I love this album. OK, I admit it, that isn't the most impartial way to start off a review, but it's the truth. I love everything about it, the interesting, witty lyrics, Regina's gorgeous vocals, the superb songwriting, the way some of the compositions have a powerful emotive message and yet still have the ability to make a smile involuntarily creep across your face. Such is the appeal of "Far", I have literally lost count of the amount of times I have played this album since I've bought it, so not only does this album have an immediate impact on the listener, it has real longevity.
There are so many brilliant songs on this collection, I could quite easily go through each track and would probably run out of superlatives, so I'll just stick to my absolute favourites. The bouncy opener, "The Calculation" is infectious and charming. "Eet" is both delicate and then magnificent, reminding me a little of Ben Folds, as does the excellent "Two Birds". The sinister, near-Orwelian, "Machine" is another stand-out, managing to be both chilling and yet undeniably beautiful. I'm reminded of Alanis Morissette at her most poignant best when I hear "Laughing With", a song wryly commenting about the perversion and misuse of religion whilst managing to stay cleverly neutral. "Dance Anthem Of The 80's" is almost annoyingly catchy but most certainly amusing. "Wallet" is a beautiful song, describing the brief insight into someone's life finding their wallet would give you. In fact, every single track on "Far" has something special to offer to the listener.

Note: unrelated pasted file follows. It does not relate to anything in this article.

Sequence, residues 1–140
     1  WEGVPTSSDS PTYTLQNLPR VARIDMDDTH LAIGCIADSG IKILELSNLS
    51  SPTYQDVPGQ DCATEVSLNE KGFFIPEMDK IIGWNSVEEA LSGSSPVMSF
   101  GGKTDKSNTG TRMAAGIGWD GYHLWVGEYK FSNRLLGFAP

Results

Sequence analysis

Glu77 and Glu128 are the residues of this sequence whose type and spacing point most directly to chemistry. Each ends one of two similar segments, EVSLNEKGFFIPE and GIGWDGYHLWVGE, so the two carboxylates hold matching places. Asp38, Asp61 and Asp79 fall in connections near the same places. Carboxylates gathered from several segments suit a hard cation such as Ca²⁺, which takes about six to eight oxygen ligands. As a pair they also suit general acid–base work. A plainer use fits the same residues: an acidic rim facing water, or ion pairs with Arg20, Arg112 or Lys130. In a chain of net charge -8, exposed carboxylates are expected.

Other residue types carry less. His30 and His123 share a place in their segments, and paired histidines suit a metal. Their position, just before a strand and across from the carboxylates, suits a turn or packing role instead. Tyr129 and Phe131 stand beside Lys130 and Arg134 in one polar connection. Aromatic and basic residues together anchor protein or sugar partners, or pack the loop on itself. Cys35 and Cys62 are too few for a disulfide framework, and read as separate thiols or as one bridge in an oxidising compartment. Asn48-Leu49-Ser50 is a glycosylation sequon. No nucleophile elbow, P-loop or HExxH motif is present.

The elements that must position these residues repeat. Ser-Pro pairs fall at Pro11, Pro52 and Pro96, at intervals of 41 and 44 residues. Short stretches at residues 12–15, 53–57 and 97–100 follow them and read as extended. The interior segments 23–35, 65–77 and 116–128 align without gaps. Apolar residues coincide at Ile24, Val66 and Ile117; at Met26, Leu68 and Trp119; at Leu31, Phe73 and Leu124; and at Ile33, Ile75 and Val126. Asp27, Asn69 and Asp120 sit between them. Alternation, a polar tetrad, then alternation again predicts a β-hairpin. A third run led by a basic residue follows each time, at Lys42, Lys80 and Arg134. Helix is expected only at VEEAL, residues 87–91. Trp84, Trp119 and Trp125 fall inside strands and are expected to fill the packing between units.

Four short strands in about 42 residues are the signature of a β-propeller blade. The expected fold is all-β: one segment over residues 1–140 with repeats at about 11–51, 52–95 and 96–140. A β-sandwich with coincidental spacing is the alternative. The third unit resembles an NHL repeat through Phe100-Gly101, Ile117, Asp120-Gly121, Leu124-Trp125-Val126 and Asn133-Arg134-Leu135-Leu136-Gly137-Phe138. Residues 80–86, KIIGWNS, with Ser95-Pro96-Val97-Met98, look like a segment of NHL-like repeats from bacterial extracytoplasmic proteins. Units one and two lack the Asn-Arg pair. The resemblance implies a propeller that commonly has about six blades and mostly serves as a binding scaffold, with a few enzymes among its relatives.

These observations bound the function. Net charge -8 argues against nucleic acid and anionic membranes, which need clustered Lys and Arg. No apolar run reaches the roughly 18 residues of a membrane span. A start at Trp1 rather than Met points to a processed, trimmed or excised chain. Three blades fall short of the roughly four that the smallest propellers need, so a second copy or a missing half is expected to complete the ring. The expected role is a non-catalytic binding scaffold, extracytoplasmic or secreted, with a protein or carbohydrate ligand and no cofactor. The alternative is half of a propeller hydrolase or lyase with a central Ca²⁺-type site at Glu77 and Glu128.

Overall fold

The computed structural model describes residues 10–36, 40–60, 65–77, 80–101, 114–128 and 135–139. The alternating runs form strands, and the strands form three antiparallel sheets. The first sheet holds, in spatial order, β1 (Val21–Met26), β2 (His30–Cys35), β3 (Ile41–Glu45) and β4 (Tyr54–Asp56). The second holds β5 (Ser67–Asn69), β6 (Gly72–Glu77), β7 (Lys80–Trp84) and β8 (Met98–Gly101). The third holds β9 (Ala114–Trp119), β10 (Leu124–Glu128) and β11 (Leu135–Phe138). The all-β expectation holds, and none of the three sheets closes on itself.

It's a testament to the album's four producers that you can't tell that the songs have different people behind the helm - it's a very cohesive album and they all simply seem to bring the best out of Ms. Spektor. Even the great but often-criticised Jeff Lynne, who isn't renowned for his production subtlety, tailors his sound and the instrumentation to enrich and enhance the performance rather than to leave any trademark stamp on it. In fact, even the keenest ears would have trouble picking out which producer was behind which track. That, I believe, is a huge compliment to all involved in this record. What's more, I've managed to get to the end of a review about a Regina Spektor album without using the word "quirky". Until now. Damn.
A wonderful, wonderful album.